SHADOW MINISTER FOR HIGHER EDUCATION SENATOR KIM CARR: Minister Pyne has today confirmed that the Government is seeking to introduce a great big new tax, this time for students.


The Minster has acknowledged that he has been working with the cross-benchers to implement a plan by Professor Bruce Chapman, a plan described by Professor Bruce Chapman as a tax, a plan described by Mr Andrew Norton, the Government’s adviser, as a tax.


The Government’s proposal would affect all students at universities, not just the students at the Group of Eight, and would be a recipe for further cuts to higher education. It is a plan that would actually require the Government to collect enormous amounts of material for the 10,000 courses that are operating across Australia.


So in the name of deregulation, the Government would want to centralise information to secure additional cuts to university and a great big new tax for students.



JOURNALIST: Do you believe that the policy will drive up university fees?


CARR: That’s what the British Government said because a similar proposal was put to a Tory government in England and they said they could not support it because it would actually be inflationary.


A proposal like this would not only see further cuts to universities, but it would see increases in fees for students and now a double taxation hit. A tax when you go to university and then of course a massive increase in your HECS liabilities.


The British Government calls it an inflationary measure, I call it a tax by the back door and this is a device that is actually much, much worse than the Government’s original proposals.


JOURNALIST: The design that is being [Inaudible] capped fees or discouraged as a disincentive for universities to impose those high fees, you don’t believe that it will work in that way?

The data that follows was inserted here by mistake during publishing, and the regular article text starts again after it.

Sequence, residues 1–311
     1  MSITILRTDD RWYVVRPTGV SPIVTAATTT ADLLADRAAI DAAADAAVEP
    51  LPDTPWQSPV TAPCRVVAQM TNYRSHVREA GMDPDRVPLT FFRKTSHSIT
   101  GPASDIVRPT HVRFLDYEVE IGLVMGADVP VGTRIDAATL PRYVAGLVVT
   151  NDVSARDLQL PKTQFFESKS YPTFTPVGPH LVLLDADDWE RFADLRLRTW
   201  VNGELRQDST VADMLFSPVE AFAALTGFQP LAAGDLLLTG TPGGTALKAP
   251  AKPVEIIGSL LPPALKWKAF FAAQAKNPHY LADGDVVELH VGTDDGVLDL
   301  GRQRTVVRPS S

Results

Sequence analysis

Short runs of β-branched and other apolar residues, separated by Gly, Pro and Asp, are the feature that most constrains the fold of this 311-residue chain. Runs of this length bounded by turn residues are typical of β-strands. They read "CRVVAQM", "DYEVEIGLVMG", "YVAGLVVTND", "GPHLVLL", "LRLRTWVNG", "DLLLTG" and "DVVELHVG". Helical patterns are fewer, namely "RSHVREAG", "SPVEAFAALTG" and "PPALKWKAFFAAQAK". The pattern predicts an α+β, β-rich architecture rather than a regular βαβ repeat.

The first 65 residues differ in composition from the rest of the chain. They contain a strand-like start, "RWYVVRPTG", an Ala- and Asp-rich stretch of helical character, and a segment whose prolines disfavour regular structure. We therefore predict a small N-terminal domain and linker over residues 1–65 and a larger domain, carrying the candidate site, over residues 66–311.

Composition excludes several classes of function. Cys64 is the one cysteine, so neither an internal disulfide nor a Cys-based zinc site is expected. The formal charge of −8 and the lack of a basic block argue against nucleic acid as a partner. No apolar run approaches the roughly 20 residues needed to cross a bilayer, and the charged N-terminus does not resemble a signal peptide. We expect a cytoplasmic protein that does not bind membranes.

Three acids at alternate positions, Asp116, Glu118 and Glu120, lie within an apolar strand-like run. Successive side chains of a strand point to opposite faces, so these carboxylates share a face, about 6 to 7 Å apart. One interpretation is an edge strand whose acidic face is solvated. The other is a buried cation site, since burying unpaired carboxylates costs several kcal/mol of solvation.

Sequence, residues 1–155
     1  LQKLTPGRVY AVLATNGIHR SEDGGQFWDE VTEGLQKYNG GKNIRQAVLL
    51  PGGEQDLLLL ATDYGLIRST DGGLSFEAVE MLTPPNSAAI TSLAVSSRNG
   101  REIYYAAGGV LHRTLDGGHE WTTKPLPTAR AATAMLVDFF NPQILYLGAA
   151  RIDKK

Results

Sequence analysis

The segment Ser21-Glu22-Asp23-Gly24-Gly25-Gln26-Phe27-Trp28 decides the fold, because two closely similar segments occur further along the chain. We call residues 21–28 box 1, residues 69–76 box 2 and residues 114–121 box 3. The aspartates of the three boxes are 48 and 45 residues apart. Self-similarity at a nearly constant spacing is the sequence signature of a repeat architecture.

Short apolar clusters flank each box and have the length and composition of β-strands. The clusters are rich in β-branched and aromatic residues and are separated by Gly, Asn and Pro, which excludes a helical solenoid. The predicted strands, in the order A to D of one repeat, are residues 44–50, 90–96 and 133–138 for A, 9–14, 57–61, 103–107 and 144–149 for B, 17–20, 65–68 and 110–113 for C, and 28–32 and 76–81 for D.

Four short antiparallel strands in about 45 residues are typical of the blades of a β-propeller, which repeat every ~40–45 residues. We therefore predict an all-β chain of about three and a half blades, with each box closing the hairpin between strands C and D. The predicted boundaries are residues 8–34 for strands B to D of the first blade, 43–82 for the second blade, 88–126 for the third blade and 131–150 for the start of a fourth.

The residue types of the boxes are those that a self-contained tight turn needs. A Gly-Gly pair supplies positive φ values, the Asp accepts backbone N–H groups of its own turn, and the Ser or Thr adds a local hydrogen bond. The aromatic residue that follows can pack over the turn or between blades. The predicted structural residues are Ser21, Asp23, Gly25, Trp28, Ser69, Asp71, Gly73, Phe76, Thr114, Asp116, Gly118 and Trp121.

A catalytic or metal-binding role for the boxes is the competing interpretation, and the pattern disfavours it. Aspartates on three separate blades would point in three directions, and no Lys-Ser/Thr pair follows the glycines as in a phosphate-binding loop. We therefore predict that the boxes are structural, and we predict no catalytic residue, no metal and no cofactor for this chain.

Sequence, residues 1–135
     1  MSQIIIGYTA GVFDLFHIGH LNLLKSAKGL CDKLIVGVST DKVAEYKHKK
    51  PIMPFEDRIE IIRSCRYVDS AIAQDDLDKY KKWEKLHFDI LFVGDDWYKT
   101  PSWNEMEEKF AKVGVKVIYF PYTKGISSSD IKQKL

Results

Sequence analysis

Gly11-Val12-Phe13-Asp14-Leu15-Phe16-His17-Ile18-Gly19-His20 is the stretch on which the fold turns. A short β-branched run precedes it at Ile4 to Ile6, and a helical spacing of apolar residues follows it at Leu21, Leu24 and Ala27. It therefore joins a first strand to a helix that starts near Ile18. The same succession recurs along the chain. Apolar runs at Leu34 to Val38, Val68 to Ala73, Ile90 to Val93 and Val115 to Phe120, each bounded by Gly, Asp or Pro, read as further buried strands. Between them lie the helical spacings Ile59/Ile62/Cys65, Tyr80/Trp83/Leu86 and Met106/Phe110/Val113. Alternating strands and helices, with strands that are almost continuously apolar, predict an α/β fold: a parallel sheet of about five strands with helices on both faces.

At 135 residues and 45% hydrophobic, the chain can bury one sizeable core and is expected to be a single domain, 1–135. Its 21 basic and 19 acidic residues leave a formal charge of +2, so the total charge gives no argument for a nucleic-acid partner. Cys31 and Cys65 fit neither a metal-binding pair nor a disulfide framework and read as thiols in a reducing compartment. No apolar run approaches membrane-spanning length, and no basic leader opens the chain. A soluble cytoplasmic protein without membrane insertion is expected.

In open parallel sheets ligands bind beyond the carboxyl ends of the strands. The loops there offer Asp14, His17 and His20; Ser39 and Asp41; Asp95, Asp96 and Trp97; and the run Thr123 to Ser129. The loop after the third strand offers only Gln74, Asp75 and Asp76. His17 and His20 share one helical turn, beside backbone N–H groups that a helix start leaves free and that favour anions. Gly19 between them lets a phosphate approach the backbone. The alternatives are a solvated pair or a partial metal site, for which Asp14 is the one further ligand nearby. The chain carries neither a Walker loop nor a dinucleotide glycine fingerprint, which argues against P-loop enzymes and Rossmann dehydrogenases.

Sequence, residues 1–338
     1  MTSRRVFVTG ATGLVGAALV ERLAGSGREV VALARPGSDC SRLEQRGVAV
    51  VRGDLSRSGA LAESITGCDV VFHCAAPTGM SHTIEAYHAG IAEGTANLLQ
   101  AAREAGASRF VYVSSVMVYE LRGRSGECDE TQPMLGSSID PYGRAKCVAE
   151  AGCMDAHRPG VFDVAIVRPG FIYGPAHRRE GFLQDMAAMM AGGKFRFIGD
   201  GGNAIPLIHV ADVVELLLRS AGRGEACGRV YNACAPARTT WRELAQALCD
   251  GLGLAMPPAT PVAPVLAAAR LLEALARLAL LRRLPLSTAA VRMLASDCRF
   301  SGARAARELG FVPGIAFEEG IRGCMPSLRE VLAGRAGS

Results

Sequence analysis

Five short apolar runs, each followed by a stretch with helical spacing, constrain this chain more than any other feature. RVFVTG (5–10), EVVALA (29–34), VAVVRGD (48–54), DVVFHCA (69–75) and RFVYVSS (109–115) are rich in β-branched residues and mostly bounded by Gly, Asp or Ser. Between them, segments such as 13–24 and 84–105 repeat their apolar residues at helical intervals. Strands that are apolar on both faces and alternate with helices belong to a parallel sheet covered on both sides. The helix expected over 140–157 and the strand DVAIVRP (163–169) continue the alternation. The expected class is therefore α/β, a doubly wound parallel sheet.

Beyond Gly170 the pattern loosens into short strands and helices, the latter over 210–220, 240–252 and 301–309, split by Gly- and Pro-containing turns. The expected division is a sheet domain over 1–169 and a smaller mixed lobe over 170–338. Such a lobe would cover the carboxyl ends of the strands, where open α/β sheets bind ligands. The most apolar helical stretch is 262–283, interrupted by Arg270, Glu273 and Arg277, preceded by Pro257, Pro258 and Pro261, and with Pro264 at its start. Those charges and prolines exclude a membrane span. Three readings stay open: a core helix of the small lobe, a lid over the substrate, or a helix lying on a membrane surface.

CARR: On the contrary, this is a plan that would actually see fees skyrocket. What the Government is proposing to do is to reduce the grants to universities and return that money to consolidated revenue.


The Government would in fact force universities to increase fees, and remember that some of their cuts in agriculture, science and engineering would see massive increases being required simply to cover the loss of government revenue.


So the Government would cut funding to universities, the universities would be obliged to charge higher fees, and as a consequence students would be paying more tax.


So this plan would be inflationary and remember the cost of university education flows through the CPI, so it would ultimately affect all Australians, because of its inflationary impact. 


JOURNALIST: Does it have any support of the universities as far as you’re aware?


CARR: I’m not aware of anyone that’s prepared to back this in.


Now I know that some vice‑chancellors will be prepared to do anything to get the opportunity to charge whatever they like, that’s not in the best interest of Australia, that’s not in the best interest of students, and that’s not in the best interest of universities.


This is a crazy plan, a $100,000 degree plan, which has now been confirmed. Remember the Government has said all along that there wouldn’t be price‑gouging, competition would drive prices down. They are now acknowledging that the Government’s plans would see increases in fees, increases in prices and we would see a situation where many Australians would be priced out of a quality education.               



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